5 Books that Got Me Interested in Werewolves

I like werewolves. Both of my current book series, Heaven’s Heathens MC and the Dawn Series include werewolves. And if you’ve read any of my previous blog posts, you’ll know that The Lone Prospect (Heaven’s Heathens MC #1) was inspired after watching the Expendables  2 during a binge watching of Sons of Anarchy.

My interest in doing werewolves instead of say vampires came from reading a lot of books about werewolves, where in the series werewolves weren’t the main focus. I wanted a series of books that wasn’t expressly romance that focused on werewolves and werewolf dynamics and adventures and being a werewolf was more an accepted part of life than “woe is me, I am a monster.”

Monsters more often than not have human faces. See Frankenstein.

These are not necessarily recommendations. But if you like werewolf books and aren’t picky, you may like these.

1. Bitten by Kelley Armstrong

Elena Michaels is the only female werewolf that has ever survived the change. A journalist good at investigating, she used her skills to track down rogue werewolves and kill them. Until she got tired of the violence the life required no matter how much she loved the male members of her pack. She’s been trying to live like a human, but an old enemy is about to resurface threatening the pack she loves. Now, she’s being drawn back into that world.

This was Kelley Armstrong’s first novel. I liked the original cover and that’s why I bought it. It focused completely on werewolves and was an interesting start to a new series. Book 2 started introducing other races and after a while I gave up on it when it focused exclusively on the young witch that was also introduced in book 2, Stolen. Bitten doesn’t really hold up to any sort of in depth critical thinking when it comes to werewolves. Why is Elena the only female werewolf? She’s also an orphan who has been sexually abused and then her boyfriend changed her without permission. I can see why she left the guy. I don’t care how hot he’s supposed to be. My last gripe for this book was Elena really felt like a stand in for the author. They are both Canadian and the politics commentary was really heavy handed. Maybe it was supposed to make the book feel relevant in 2001. It just made me grimace a bit.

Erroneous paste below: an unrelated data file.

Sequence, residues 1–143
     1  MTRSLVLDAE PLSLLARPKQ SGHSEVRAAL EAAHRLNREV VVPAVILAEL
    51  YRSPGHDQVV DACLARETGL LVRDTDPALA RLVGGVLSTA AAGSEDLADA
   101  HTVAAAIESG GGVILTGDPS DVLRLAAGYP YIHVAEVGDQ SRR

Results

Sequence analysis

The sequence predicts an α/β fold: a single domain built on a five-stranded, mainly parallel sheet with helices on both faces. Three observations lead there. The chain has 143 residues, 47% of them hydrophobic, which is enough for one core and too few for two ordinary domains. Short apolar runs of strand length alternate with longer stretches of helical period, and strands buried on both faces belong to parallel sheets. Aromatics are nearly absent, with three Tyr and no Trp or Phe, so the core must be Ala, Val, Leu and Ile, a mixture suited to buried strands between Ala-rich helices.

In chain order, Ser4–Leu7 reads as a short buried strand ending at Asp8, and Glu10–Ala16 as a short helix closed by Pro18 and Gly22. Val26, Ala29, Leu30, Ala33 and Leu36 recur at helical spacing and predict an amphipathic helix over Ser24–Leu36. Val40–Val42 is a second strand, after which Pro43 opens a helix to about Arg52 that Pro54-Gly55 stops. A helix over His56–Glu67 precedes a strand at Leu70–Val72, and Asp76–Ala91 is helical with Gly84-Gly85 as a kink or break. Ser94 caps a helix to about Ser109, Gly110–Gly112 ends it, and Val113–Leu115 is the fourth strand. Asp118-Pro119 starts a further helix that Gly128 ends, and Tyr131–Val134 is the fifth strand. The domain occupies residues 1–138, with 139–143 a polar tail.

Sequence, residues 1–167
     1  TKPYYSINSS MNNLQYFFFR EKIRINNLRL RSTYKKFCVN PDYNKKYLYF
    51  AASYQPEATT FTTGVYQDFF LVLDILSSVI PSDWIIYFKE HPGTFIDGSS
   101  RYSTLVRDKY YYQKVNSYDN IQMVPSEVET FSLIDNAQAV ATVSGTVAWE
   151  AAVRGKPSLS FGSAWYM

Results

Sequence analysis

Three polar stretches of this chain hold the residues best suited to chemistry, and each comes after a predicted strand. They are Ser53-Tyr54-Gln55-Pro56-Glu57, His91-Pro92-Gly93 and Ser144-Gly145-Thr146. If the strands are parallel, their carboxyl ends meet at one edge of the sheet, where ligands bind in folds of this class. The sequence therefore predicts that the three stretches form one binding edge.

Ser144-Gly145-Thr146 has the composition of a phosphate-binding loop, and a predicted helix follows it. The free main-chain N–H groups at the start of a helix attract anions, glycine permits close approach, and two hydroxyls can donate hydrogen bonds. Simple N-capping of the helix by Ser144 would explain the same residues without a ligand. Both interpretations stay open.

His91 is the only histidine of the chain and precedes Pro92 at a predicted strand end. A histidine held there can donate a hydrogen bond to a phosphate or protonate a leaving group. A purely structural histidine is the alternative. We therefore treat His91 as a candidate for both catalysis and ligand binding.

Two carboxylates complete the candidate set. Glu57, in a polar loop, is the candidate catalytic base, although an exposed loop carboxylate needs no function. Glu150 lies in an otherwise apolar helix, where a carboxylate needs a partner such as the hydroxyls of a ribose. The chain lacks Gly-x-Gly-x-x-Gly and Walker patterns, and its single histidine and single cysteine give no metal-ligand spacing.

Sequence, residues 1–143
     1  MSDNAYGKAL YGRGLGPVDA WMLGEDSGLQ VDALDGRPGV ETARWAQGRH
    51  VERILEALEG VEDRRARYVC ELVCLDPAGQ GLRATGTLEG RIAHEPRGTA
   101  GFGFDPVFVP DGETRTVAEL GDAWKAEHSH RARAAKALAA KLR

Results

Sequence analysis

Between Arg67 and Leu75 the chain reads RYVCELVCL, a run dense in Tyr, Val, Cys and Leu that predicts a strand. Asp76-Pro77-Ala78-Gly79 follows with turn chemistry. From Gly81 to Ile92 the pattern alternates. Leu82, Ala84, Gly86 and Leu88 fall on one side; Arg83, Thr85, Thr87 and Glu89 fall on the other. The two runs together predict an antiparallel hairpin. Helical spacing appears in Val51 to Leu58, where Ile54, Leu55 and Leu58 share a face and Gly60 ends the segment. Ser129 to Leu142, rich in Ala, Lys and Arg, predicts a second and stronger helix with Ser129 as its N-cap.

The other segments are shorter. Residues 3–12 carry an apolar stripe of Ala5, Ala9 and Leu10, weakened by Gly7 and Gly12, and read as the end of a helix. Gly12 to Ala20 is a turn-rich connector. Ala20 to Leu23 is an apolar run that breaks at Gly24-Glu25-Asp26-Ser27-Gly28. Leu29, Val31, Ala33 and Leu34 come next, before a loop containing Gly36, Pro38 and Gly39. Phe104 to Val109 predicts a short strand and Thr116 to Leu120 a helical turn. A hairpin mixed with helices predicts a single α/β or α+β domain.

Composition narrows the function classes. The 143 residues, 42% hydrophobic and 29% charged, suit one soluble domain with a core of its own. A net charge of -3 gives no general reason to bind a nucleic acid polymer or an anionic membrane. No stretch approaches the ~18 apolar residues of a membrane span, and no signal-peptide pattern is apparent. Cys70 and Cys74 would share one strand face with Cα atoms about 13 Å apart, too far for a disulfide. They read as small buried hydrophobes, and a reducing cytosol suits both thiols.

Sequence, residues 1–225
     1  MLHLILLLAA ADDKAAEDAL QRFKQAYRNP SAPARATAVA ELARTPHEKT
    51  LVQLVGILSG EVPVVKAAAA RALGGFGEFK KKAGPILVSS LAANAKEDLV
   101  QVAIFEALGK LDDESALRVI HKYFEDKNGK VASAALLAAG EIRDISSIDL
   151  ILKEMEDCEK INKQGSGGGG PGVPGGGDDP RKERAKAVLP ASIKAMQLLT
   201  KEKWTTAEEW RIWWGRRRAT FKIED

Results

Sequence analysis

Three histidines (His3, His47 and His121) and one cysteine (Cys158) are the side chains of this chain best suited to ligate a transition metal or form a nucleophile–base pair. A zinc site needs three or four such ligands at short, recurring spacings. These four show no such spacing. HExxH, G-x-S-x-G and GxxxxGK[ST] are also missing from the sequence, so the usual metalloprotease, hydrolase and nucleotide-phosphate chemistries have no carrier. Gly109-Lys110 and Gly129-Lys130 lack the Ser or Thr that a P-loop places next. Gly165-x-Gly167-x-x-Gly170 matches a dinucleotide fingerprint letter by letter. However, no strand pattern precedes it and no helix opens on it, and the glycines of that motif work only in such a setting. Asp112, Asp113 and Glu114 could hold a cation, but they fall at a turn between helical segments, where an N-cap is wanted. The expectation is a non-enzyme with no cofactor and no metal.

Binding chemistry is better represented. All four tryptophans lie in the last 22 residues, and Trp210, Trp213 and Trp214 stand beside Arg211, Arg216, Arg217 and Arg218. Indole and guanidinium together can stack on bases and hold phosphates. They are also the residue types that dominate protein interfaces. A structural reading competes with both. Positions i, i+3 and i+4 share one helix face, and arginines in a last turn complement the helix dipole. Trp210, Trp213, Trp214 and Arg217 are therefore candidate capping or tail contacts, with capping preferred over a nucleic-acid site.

2. Fool Moon by Jim Butcher

Business has been slow, no dead, for Harry Dresden, Chicago’s only professional Wizard. Until Karen Murphy comes with a case of brutal murder. Mutilated corpse, strange paw prints and a full moon. It’s going to take all of Harry’s knowledge and skill to get to the bottom of which werewolf group is performing the murders. And the answer may be closer than he thought.

Fool Moon was Jim Butcher’s second Harry Dresden Case File. He hadn’t quite hit his writing stride yet. (That didn’t happen until book 3.) In the book, Jim Butcher went through and used about every single type of werewolf he could think of to blow the readers off the scent (see what I did there) of who the real murders were. He used a lot of “classic” Universal studios werewolf lore and lore from other werewolf, lycanthropy, berserker type werewolves as well. And then he pretty much dropped the whole werewolf thing like hot potatoes in the books after this in order to pursue his Black Council and Winter Court Fae big story lines. And the times he does end up using the werewolves, it can be rather offensive, such as werewolves going into heat and the general way he describes the female werewolves. (He also has this problem with most of his female characters. I digress.) It was a good starting point for me at least to look at the different werewolf types and go research more on my own.

3. A Fistful of Charms by Kim Harrison

Rachel Morgan’s love life has never been that great. Now, Nick, a former boyfriend who cut and run needs Rachel’s particular skills as a runner. A thief, he’s stolen an artifact that could give the werewolves more power over the vampires and now he’s been caught. It’s up to Rachel to find the artifact and free him from the werewolves. The problem is, he’s not in Cincinnati, but up in Michigan and on an island in the middle of one of the Great Lakes. And it’s going to take more than a few magical spells and wishful thinking to get him out alive.